Tuesday links: L’shanah tovah!

This week, more from the Times–an uplifting story for Rosh Hashanah and another article about World War Two music.

What I’ve been listening to lately, old-school edition

Over the past couple weeks I undertook the extremely dull and time-intensive task of uploading all 6,000 (!) of my photos to Picasa.  I had no choice because I wanted to install Snow Leopard (the new Mac OS) and it required a lot more room than I had on my hard drive, so I decided to transfer and then delete all my photos.

To make a long and boring story short, looking at all the old photos brought back a lot of memories.  I have a ton of pictures from summer 2006, the summer between high school and college, involving lots of hijinks with all my Tosa friends, and looking at the photos brought back especially intense sound memories (as we spent a lot of time rollin’ in the family Honda Accord listening to music).

With no further ado, the soundtrack of summer 2006 as filtered through senior-year-of-college nostalgia:

1) Beck, “Qué Onda Guero” from Guero. What a great album.  Not incidentally, the Marcel Dzama cover art inspired my subsequent purchase of my famous sad-ghost salt and pepper shakers.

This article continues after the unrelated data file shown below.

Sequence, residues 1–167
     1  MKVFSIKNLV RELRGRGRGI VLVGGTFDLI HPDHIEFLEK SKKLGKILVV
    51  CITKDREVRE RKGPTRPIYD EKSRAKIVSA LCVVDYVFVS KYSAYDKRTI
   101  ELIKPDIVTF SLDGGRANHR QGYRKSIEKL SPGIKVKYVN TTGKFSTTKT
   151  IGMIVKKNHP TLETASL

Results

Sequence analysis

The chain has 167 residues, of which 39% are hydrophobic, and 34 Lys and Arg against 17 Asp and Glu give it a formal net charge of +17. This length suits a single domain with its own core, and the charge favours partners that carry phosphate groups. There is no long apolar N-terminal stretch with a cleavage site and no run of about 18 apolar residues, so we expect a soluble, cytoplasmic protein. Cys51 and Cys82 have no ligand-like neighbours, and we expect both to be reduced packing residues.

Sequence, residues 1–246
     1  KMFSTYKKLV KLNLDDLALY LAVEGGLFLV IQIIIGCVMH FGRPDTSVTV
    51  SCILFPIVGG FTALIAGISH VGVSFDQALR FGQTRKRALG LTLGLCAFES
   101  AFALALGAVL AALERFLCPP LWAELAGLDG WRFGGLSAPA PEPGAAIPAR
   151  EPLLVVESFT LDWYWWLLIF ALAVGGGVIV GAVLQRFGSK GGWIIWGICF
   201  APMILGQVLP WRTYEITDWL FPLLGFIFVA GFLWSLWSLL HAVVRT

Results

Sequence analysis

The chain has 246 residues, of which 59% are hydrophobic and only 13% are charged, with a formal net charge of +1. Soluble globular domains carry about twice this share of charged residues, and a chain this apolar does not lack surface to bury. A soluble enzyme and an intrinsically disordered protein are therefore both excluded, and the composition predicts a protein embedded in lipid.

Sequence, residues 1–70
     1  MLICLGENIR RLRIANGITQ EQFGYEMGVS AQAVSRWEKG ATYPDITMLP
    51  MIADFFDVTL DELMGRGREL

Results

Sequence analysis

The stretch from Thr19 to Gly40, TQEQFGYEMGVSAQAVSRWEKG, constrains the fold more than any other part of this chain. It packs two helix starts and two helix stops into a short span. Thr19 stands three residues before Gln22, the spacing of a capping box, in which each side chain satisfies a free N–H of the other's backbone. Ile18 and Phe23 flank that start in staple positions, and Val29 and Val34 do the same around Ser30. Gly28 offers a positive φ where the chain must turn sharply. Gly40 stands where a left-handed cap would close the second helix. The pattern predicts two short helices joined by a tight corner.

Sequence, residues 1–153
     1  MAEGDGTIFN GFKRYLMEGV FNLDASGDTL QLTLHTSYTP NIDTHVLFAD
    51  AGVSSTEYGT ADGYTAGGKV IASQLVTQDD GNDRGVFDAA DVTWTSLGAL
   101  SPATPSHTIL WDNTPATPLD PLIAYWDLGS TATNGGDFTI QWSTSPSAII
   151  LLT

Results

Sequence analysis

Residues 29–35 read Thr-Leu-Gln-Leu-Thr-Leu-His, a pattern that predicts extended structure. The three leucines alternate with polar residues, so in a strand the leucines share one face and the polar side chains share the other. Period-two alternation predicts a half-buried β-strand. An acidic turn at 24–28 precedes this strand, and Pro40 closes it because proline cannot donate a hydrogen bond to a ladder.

2) James Brown, “Make It Funky (Pt. 1)” Allow me to write out certain key lyrics:

“What you gonna play now?”

“Bobby, I don’t know.  But what’s ever I play, it’s got to be FUNKY.  One.  Two.  Three.  Make it funky!”

Amen.

Neckbone.  Candied yams!  Turnips.  Spud steak.  Spud steak!  Grits and gravy.

3) Jenny Lewis and the Watson Twins, “You Are What You Love” and “Handle With Care.” The entire album, Rabbit Fur Coat, is fantastic, so listen to it in full.

4) Gnarls Barkley, “The Last Time”

5) Shakira, “Hips Don’t Lie.” Because really, what else was on the radio that summer?

6) Miss B, “Bottle Action.” I don’t fight, I don’t argue, I just hit that bitch with a bottle.  Eastside eastside till we die.

7) Elton John, “Bennie and the Jets”

8 ) Etta James, “Something’s Got a Hold on Me.” I actually prefer “Let’s Burn Down the Cornfield,” but I couldn’t find a good video clip.  But look it up if you have a minute.  You can’t really go wrong with Etta, so I didn’t think you all would mind the substitution.

Tuesday links